Vincent, thank you for taking the pains to summarize the Executive Summary for me. I really do appreciate someone thoughtfully writing extensive replies to my posts, even if you are frustrated with me. I do think it was unnecessary to complain that I did not read the ES, since I did read it about a week ago, not long after you published it (even if I didn’t scrutinize it closely, since that was not my point), and I re-checked it when I posted my replies to you. So most of the things in your summary of the ES (we can call this the “ESS”), I am familiar with. (To show this, note that two things I complained about before - the good thief and the blood drinking issue - are both taken from your 17 claims.)
But I think it’s great that now you have written the ESS, as other people can read a distillation of Alter’s case without having to read an 8,000-word document (or a 900-page book). Thank you again for opening the dialogue, and staying with me.
Two Levels of Critique
Going back to the main issues: there are two levels of critique that I can engage in. The first level is the level of the arguments themselves, which I have somewhat talked about, and which most people have done - Josh, McGrew, and some others in the TSZ comments.
But before that, there’s a second level, which is the higher, meta-level of how you’re presenting your case, the role of “bad” arguments in Christian apologetics, and whether non-experts have a right to make bombastic claims. Let’s get into this level first.
The World Conversion Argument
This is not a convincing argument for me. The fact is that besides Christianity, there are other major religions - Islam, Mormonism, Hinduism, etc. - to which large groups of people have converted to. Are these all miracles, too? In addition, how many conversions are genuine, as opposed to simply following what everyone around you is doing? This is why I think this is a very weak argument. It’s simply an argument from majority, and not a very powerful majority either.
Expertise and the Responsibility of Christian Intellectuals
Again, this is proclamation that only a historian should do. I do not believe ID arguments either, but I cannot say, authoritatively, that ID is “bad biology”, because I am not a biologist and I do not know much about biology. I can say that it is bad science, because I am a scientist and I can argue that case using only general principles of science.
Of course, you, as a private citizen, have a right to say anything about any subject. On the other hand, despite not being familiar with your work, I’ve seen you being quoted as a prominent philosopher (at least on the Internet) in support of ID (before you apparently abandoned it). I feel that prominent Christian intellectuals have a great responsibility to the community of believers, and think carefully about their pronouncements before making them, because more ordinary Christians look up to them. If the Resurrection is a bad argument that should be abandoned, then Wright, Craig, and McGrew should be the ones saying this, not you.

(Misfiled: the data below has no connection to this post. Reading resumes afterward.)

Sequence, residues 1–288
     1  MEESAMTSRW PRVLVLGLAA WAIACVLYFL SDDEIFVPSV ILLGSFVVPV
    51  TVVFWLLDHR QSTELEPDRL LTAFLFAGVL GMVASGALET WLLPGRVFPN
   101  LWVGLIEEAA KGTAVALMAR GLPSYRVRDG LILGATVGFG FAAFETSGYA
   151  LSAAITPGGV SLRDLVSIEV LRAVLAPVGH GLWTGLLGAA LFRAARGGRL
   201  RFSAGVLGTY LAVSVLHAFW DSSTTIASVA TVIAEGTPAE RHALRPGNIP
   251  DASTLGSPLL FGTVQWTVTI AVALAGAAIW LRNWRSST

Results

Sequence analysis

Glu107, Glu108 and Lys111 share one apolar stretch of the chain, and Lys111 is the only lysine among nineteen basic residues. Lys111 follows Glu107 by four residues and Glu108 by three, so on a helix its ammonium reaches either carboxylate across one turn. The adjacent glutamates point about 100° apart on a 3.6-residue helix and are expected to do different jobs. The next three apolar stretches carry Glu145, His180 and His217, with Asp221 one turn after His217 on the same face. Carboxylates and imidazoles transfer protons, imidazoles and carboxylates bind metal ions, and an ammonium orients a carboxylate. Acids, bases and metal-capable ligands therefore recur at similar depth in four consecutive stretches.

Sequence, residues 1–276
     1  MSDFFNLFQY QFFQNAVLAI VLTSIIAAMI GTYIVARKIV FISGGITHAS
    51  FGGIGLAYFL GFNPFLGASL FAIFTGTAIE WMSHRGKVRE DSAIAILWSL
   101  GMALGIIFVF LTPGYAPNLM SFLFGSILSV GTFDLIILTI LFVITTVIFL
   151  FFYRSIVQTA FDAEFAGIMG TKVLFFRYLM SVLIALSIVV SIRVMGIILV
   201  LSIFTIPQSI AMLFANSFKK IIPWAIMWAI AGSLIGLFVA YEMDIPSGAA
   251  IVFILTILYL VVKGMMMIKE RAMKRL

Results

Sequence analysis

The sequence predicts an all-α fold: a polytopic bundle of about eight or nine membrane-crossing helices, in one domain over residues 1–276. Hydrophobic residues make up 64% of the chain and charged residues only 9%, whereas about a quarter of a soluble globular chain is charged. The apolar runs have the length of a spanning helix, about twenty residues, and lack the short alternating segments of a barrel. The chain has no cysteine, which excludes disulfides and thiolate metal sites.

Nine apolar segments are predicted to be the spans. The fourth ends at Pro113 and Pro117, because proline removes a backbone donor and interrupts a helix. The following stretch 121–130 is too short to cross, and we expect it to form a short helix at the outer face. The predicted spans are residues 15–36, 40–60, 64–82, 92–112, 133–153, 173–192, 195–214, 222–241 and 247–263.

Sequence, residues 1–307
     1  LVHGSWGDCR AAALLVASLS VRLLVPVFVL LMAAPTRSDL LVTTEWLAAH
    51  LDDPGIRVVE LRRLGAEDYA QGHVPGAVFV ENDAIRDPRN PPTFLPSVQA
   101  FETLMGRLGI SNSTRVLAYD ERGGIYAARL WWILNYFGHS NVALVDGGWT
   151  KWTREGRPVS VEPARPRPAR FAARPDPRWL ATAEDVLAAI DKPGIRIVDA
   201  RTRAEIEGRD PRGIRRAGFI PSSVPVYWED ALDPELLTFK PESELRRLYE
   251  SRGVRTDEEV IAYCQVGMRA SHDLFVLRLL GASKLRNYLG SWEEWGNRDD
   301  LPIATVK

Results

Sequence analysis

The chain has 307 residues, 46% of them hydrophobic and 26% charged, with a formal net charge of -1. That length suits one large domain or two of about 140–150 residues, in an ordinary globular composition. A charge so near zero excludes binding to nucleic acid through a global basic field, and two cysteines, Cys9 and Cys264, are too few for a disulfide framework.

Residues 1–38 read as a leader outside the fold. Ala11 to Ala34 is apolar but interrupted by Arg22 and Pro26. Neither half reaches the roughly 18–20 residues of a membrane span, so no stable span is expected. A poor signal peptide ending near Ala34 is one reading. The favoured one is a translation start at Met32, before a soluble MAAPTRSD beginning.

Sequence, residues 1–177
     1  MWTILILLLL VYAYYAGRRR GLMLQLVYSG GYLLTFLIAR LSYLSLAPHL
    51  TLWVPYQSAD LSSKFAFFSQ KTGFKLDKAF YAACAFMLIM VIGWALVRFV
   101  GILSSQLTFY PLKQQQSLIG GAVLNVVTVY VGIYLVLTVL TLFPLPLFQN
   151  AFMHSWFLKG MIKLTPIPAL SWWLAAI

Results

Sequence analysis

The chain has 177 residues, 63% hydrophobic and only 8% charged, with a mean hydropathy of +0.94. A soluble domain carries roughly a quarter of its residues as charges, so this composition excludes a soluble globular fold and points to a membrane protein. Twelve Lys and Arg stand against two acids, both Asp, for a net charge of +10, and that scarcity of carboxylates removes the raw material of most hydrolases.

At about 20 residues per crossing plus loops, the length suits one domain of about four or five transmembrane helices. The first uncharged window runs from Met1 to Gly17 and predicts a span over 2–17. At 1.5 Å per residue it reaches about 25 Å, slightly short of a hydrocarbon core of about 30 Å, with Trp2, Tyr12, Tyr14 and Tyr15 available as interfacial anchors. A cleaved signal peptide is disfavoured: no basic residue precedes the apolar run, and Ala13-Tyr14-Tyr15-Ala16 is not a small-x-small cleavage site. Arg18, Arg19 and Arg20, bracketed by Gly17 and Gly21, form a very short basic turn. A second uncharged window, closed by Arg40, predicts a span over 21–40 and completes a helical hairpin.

What is your definition of “dubious”? What is the criteria of judging that an event is dubious? As Josh said, it seems that there’s some confusion between prior and posterior probability. If we can’t agree on this then there is no point arguing about the specifics.
Secondly, what is a "large number’? How does this compare to other historians’ assessments of other ancient documents? Do you normalize for the length of the gospels, the fact that there are multiple gospels, their genre, and so on?
Thirdly, how do you weigh different dubious assertions? If Jesus fed 500 people instead of 5,000 people, is that just as bad of a dubious assertion as if Jesus was never buried in an empty tomb?
Lastly, can you quote historians who actually subscribe to the above claim?
Firstly, do mainstream scholars like Ehrman and others agree with Alter’s overall assessment of the reliability of the Gospels? Because of how diverse the NT studies field seems to be, I imagine one could do a Google search for every assertion in the gospels and find a scholar who argues that it is dubious. That’s different from being a scholar who builds a coherent case for the overall reliability of the gospels.
Secondly, I don’t deny that many mainstream (i.e. secular) biblical scholars seem to view the Gospels as less trustworthy compared to defenders of the Resurrection. Many Christian defenders of the Resurrection deal with this issue straight out, such as the McGrews criticizing the methods of mainstream NT literary criticism in their Blackwell Companion article. This is nothing new. Yet they make their case anyway. I personally would be satisfied if there were reasonably strong (i.e. not fringe) arguments for the conservative view, not that the conservative view has to be made mainstream.
For example, NT Wright seems to be a more conservative scholar who defends the Resurrection. I understand that not everyone in the field accepts all his arguments. But AFAIK he is a very respected figure in the field of NT studies as a whole, not some fringe figure. So if NT Wright defends some assertions with reasonable arguments, I would be satisfied with that.
Thus, if all that Alter is doing is taking claims from mainstream scholars and showing that they don’t support the Resurrection of Jesus, he is not doing anything new. It would be more accurate to say that “Alter has proven that mainstream scholars (or a collection of them) will not agree with the historical case for the Resurrection.” That is different from saying that “Alter has conclusively proven that the historical case for the Resurrection is destroyed.”